• Staff have received focused training on the specific implications of the effects of SCD/Autism on the child. Email [email protected] for details of practical strategy training available.
    • Specialist Advice, individualised for the child, from the Autism Social Communication Team may be required. Email [email protected] for further details and referral form.
    • Implementation and monitoring of agreed actions following specialist advice.
    • Strategies such as Social Stories, Comic Strip Conversations, LEGO Therapy, PIKAS and Circle of friends may be used to promote social success/appropriate behaviour.
    • Assess social progress using a resource such as ‘The Social Play Record’ by Chris White. Further details available from the Autism & Social Communication Team.
    • Parent/carer to be involved in the formulation, monitoring and implementation of targets.
    • Individualised targets, including a target focusing on the child’s social development.
    • Multi-agency advice may be required through the Team Around the Family or diagnostic process. A record will be kept of consultation with external professionals, such as the Specialist Teacher, Educational Psychologists, CAMHS or Speech and Language Therapists if they are involved with the child.
    • Parent/carer to be involved in the formulation, monitoring and implementation of targets.
    • Use of a home-school diary to aid communication.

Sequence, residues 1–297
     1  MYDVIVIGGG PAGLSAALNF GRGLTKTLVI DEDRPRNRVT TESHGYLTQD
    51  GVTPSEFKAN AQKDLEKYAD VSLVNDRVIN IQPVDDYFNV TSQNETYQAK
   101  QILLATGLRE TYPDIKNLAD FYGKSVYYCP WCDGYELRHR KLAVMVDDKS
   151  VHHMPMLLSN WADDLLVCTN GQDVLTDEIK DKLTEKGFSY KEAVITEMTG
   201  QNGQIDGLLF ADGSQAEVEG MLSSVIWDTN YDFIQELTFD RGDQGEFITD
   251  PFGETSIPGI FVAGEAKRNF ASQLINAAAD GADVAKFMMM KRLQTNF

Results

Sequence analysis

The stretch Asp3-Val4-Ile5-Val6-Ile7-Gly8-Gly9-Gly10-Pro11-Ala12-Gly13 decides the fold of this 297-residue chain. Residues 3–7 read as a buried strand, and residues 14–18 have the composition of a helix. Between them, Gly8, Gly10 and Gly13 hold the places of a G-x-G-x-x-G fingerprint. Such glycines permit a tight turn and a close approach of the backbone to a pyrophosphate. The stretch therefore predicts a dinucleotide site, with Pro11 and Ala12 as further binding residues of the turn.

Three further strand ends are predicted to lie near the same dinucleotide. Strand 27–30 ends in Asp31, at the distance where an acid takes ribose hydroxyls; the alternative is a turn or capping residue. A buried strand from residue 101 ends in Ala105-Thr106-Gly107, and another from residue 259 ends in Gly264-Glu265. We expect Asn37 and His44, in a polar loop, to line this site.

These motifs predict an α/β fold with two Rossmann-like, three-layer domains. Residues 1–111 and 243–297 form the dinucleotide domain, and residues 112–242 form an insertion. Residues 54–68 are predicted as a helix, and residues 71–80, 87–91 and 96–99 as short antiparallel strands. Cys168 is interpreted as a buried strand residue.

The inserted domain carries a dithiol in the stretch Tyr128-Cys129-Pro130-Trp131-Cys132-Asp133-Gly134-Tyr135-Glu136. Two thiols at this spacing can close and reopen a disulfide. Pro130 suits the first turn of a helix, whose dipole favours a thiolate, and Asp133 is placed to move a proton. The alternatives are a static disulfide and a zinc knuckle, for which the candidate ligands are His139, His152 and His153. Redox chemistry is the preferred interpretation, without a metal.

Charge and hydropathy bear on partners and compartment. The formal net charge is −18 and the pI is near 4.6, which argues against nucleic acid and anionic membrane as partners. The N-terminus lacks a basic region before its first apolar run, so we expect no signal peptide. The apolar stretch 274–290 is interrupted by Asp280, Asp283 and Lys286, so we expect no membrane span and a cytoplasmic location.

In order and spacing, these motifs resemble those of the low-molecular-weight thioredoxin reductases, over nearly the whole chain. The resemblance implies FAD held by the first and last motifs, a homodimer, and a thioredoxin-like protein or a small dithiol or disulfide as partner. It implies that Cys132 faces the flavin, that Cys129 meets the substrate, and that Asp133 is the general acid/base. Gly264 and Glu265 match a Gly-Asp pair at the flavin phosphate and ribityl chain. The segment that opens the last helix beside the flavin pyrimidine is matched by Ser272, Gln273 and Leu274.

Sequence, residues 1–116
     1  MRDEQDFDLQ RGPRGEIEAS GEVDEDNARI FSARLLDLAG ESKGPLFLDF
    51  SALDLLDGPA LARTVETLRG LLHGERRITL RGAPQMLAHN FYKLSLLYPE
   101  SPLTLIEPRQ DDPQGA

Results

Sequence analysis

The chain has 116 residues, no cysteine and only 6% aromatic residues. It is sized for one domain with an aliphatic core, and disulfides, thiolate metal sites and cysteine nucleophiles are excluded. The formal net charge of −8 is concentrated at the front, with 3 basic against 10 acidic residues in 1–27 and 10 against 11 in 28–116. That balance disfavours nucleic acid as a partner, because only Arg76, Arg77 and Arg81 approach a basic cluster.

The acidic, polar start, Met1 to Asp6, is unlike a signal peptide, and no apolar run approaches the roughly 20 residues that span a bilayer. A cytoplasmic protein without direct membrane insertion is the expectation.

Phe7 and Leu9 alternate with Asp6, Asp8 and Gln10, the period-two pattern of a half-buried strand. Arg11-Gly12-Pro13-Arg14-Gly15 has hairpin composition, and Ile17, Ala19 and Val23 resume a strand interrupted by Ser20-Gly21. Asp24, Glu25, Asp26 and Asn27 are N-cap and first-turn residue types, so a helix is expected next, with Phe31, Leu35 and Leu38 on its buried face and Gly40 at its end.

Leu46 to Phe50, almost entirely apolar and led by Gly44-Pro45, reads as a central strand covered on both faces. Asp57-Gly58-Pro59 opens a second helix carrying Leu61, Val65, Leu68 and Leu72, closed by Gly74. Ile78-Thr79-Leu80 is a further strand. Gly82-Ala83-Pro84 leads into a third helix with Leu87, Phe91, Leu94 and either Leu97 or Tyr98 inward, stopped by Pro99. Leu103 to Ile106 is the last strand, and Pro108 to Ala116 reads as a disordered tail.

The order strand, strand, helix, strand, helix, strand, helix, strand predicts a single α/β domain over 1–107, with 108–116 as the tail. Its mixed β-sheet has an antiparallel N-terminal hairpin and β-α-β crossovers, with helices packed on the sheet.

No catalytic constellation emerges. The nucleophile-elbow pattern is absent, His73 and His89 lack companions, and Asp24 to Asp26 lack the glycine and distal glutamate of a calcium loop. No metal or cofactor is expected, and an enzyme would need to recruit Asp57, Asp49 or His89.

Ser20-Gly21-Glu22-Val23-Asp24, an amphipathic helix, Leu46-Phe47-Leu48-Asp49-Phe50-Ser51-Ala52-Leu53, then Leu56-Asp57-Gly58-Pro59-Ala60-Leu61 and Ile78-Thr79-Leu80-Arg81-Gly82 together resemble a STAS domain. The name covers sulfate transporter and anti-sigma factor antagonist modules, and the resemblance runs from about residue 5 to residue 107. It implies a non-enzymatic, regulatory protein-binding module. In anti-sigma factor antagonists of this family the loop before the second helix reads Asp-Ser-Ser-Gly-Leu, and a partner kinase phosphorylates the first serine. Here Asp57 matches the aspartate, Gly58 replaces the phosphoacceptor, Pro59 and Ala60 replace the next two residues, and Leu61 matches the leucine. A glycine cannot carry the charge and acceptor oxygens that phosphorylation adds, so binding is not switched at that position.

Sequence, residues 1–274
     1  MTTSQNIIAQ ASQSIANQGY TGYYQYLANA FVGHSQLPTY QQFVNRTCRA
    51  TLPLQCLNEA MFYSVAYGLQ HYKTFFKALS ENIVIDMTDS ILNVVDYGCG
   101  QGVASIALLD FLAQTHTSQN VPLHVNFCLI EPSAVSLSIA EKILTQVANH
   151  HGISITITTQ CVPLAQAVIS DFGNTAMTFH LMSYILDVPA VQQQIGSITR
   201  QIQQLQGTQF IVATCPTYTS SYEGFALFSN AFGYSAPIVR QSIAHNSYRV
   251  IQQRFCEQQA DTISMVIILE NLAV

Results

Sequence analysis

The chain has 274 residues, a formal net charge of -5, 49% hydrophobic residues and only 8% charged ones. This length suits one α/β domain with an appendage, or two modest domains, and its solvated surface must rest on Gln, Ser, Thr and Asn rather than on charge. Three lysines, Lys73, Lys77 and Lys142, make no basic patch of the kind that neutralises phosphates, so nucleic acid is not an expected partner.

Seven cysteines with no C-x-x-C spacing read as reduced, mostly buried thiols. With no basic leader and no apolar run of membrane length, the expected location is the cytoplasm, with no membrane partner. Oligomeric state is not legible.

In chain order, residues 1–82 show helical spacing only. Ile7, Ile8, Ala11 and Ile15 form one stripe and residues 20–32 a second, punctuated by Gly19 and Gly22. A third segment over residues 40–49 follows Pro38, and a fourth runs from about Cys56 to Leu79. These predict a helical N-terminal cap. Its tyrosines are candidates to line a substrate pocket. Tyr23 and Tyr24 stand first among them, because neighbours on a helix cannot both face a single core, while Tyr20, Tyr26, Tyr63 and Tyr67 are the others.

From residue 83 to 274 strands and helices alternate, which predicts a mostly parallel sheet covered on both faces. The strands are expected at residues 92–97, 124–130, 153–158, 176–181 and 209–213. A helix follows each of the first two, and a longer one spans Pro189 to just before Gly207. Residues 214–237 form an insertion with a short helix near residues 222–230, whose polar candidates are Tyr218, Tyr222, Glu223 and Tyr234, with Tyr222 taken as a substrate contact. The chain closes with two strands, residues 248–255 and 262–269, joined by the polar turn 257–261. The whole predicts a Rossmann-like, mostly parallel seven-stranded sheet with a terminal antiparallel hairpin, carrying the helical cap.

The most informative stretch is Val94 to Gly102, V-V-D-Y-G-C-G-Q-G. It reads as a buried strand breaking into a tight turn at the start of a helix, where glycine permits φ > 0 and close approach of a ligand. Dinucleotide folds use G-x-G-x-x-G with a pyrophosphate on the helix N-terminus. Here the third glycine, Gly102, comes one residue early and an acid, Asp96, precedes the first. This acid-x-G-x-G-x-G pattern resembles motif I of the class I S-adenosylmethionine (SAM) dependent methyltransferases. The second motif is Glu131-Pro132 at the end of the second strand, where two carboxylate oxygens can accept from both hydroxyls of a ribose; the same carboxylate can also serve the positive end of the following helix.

• Child may need an individual risk reduction/behaviour plan.
    • Staff able to implement assess, plan, review cycle using appropriate tools. Specialist Advice from the Autism & Social Communication Team may be required. Email [email protected] for further details and example tools/resources.
    • Staff able to monitor and assess for access to special exam arrangements.
    • Training on our Local Offer.
    • SEN Support: research evidence on effective approaches and examples of current practice in good and outstanding schools and colleges

The impairments resulting from the child’s SCD/ASC affecting their social development, communications and rigidity of behaviour and thought are enduring, consistently impeding his/her learning and leading to severe difficulties in functioning within the setting environment.

What do you notice about the child / young person?

    • Adjustments and revision of the differentiated classroom provision for the child’s education has not resulted in the expected progress towards achieving academic, social and emotional targets.
    • Evidence of the child’s need for a more specific programme of support to develop his/her social communication skills.
    • Evidence of significant difficulties persisting for the child as a result of his/her inflexibility of thoughts (resistance to change and new experiences, impaired Theory of Mind).
    • Evidence of a high priority having to be given to the management of the child’s behaviour in the planning of most classroom activities and the organisation of his/her learning environment.
    • High levels of anxiety are beginning to impact negatively on attendance (below 85%).

Specialised adaptations (a few children)

    • Highly individualised learning programme developed by the Leader of SEND (SENCO, Inclusion Manager) with support from external professionals as required which evidences:
    • Advice from external professionals, interventions implemented and impact on progress.
    • Planned strategies to support the individual child with expected outcomes.
    • Class teacher will use advised strategies and assessment tools/resources to inform outcome setting and using the plan, review, assess cycle.

Relevant information, assessments & links

Download the PDF version of the Graduated Approach